Apple (AAPL) – Get Free Report shares are set to open at an all-time high Monday, valuing the tech giant at more than $2.8 trillion, ahead of its highly-anticipated software developer’s conference later today and the expected launch of its first virtual reality headset.
Apple’s annual World Wide Developers Conference (WWDC), slated to begin with a keynote address from CEO Tim Cook at 1:00 pm eastern time at the tech giant’s Apple Park campus, will formally launch a series of operating system updates, new Mac products and the likely unveiling of a new AR/VR Reality Pro headset expected to cost around $3,000.
“We expect WWDC to be another “flex the muscles moment” for Cupertino heading into a robust product cycle into the next 6-9 months led by the anniversary iPhone 15 launch this Fall into its golden installed base,” said Wedbush analyst Dan Ives, who carries and ‘outperform’ rating with a $205 price target on Apple stock.
“The brains behind Reality Pro will be powered by Apple’s industry leading M2 chips and another core advantage for the stalwart further building its iconic iPhone driven device family with this latest product,” he added. “We believe initial shipments given the high price points are expected to be roughly 150k units for Year 1 based on recent Asia supply chain checks.”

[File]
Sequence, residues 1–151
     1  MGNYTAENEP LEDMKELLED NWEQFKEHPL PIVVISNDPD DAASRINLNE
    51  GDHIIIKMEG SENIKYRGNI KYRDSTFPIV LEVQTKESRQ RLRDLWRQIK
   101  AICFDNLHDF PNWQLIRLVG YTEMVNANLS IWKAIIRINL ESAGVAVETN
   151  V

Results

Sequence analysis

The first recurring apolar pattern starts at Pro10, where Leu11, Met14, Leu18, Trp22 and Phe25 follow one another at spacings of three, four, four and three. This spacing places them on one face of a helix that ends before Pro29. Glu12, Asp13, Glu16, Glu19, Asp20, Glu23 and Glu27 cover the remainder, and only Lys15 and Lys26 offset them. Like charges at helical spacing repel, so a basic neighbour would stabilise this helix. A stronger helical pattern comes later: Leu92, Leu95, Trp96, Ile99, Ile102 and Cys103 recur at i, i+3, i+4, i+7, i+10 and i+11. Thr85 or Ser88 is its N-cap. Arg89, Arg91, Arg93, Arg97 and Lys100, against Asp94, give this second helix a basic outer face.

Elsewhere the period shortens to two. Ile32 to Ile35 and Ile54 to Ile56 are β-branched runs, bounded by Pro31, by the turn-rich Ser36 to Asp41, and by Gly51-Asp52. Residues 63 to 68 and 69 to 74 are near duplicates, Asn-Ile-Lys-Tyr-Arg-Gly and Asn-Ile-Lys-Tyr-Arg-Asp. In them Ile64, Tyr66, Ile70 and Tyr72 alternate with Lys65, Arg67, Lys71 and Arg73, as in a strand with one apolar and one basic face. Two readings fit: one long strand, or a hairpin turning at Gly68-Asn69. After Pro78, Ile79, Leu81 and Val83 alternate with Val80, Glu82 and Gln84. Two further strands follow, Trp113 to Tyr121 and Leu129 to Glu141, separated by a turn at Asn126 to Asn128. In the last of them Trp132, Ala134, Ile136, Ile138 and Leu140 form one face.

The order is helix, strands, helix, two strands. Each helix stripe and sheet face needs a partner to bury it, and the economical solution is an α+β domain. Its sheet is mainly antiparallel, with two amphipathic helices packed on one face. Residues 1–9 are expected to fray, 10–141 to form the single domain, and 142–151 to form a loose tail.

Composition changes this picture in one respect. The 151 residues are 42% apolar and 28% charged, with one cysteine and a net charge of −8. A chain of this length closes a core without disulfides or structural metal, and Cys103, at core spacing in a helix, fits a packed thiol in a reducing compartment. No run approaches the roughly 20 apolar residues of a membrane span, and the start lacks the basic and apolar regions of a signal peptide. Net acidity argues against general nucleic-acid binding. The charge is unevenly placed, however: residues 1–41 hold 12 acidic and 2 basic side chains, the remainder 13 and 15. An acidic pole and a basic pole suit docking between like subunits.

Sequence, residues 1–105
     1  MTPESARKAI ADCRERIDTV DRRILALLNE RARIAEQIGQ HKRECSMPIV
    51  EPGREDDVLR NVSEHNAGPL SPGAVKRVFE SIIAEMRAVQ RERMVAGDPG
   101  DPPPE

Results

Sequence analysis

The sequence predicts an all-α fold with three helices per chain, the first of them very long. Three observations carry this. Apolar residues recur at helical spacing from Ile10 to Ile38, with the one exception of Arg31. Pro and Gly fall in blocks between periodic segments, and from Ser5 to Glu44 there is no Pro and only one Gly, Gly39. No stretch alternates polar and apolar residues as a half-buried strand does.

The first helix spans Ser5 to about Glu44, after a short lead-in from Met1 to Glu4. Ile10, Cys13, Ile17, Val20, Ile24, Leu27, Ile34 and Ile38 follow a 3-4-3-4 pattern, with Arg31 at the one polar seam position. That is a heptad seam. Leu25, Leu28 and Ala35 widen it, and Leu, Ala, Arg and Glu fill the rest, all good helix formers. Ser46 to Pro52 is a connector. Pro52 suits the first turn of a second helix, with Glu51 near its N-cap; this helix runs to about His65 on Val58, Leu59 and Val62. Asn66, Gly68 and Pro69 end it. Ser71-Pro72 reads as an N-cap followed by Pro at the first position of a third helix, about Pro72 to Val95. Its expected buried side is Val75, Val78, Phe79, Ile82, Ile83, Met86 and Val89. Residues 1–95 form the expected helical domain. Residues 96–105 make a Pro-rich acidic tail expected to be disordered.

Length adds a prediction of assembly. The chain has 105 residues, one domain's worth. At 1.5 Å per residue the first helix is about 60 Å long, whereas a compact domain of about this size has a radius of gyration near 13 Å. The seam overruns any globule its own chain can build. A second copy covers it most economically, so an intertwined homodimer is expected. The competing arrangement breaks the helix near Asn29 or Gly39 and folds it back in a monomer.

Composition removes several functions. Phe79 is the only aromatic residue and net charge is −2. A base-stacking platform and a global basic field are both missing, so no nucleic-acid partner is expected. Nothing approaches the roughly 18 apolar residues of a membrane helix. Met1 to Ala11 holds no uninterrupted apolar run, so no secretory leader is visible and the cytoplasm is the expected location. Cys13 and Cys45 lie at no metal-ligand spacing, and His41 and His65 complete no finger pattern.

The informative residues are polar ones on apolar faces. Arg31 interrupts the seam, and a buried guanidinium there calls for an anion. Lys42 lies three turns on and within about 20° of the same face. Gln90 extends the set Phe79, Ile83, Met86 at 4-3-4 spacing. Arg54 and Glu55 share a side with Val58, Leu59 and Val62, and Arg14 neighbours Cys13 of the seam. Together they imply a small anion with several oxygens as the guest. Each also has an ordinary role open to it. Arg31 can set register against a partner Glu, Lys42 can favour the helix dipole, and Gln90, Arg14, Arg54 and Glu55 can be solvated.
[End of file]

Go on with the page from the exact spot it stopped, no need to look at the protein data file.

Apple shares were marked 0.92% higher in pre-market trading to indicate an opening bell price of $182.61 each, a move that would extend the stock’s year-to-date gain to around 40.6% and value the Cupertino, California-based tech giant around $2.88 trillion.
“We expect the new headset to be the best in market and while it won’t be cheap, it will be Apple’s flagship device that could lead to potentially more mainstream options over time,” said CFRA research analyst Angelo Zino. “The new device will be powered by Apple’s internal M silicon chips, have a gesture-based control, 4k micro-OLED display, an external battery pack, and over a dozen cameras.”
Apple topped Wall Street forecasts for its March-quarter earnings, published on April 29, thanks in part to a surprise 1.5% gain in iPhone revenue and record sales from a host of emerging markets, adding that its current quarter sales would slip only modestly from the year-earlier level.
iPhone revenues of $51.33 billion, linked in part to the sale of high-end iPhone Pro models that were jammed-up over the holiday period, offset declines in Mac and iPad sales and helped boost earnings for the three months ended in March to $1.52 a share, a tally that topped Wall Street forecasts by 9 cents.
Group revenue was still down 2.5% a year earlier at $94.84 billion, marking the second consecutive sequential decline, a rate CFO Luca Maestri said would likely carry over into the June quarter, although he noted that gross margins would likely improve to between 44% and 44.5%.